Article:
Dynamic disks are one of Windows 2000's most useful features for storage managers. By using dynamic disks you can perform operations like volume expansion without having to reboot the system. However there are limits on some dynamic disk expansion.
Dynamic disks are designed to operate with the NTFS file system. However volumes created using the older FAT file system can also be extended or spanned across multiple physical disks using the dynamic disk features -- sometimes.
However if the FAT disk existed before the disk was upgraded to a dynamic disk, it can not be extended or spanned. The system can still use the disk but to extend or expand it, it would have to be deleted and recreated on the dynamic disk. The other major limit is that even if a FAT disk is created on a dynamic disk it can be spanned when it is created, but it cannot be extended or spanned afterwards.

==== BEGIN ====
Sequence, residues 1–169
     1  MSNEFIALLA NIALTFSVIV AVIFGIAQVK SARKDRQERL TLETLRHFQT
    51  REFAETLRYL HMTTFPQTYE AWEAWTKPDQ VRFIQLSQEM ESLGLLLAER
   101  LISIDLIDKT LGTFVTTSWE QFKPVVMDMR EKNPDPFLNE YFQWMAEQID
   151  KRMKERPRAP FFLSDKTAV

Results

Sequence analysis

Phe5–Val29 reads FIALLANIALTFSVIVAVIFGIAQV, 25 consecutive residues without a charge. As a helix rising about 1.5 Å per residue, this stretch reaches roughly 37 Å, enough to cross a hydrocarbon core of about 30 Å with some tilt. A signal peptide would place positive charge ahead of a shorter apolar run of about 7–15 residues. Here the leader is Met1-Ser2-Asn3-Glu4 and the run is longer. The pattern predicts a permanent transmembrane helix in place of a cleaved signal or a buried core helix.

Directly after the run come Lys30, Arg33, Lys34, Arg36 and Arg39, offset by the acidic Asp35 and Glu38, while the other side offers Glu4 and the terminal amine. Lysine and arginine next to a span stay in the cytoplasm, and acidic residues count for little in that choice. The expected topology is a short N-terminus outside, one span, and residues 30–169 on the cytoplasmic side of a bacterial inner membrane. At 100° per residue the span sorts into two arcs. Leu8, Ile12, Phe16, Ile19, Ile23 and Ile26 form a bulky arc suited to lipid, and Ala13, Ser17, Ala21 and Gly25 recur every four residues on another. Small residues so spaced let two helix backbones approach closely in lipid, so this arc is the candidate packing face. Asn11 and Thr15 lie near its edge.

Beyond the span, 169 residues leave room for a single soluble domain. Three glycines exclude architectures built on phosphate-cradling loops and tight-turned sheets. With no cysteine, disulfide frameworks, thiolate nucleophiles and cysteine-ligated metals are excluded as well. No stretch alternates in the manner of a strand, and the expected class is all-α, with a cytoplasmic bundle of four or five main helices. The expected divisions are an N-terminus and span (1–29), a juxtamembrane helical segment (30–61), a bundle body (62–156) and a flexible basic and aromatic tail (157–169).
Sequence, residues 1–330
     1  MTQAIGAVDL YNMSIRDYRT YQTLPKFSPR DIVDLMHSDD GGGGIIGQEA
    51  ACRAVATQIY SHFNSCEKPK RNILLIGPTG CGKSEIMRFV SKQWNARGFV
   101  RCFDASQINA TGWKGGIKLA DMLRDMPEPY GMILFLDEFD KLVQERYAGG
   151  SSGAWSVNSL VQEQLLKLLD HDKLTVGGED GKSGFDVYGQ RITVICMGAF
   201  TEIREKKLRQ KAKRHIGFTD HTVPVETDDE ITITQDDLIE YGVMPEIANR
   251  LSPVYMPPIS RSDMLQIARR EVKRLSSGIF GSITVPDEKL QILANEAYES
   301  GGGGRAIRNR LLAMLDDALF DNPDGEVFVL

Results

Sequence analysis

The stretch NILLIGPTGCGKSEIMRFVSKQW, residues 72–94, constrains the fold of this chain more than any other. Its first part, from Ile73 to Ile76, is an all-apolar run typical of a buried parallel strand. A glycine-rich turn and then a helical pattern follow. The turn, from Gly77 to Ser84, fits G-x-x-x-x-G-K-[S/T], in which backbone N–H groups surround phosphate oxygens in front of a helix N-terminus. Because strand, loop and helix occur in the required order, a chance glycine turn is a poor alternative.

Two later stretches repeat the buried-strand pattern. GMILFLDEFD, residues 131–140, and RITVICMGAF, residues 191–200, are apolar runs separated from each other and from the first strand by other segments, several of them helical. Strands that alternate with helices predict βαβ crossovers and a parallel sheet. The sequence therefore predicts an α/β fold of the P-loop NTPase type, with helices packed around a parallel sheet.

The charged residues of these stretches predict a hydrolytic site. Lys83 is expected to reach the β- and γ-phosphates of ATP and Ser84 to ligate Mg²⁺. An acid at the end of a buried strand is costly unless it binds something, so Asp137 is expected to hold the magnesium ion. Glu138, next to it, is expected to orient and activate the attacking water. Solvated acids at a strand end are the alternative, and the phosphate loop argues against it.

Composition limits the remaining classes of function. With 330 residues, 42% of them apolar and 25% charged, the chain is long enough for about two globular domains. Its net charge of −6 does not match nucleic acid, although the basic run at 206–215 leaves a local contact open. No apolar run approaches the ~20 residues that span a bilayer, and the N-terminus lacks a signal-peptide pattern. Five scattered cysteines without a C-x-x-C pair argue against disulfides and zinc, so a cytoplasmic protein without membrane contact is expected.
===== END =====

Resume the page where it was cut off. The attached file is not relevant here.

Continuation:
Generally, simple disks found in Windows 2000 installations are legacy disks that were created under Windows NT. It is worth considering carefully whether you want to keep simple disks in a dynamic disk environment of whether it is worth converting them to dynamic disks.
Rick Cook has been writing about mass storage since the days when the term meant an 80K floppy disk. The computers he learned on used ferrite cores and magnetic drums. For the last twenty years he has been a freelance writer specializing in storage and other computer issues.
This was first published in June 2003